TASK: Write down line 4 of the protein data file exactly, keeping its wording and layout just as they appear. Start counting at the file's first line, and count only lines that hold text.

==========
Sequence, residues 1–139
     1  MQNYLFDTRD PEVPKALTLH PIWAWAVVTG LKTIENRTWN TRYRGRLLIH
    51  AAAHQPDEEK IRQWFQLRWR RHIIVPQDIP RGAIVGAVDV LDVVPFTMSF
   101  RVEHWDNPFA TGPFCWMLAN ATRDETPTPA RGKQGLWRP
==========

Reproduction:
   101  RVEHWDNPFA TGPFCWMLAN ATRDETPTPA RGKQGLWRP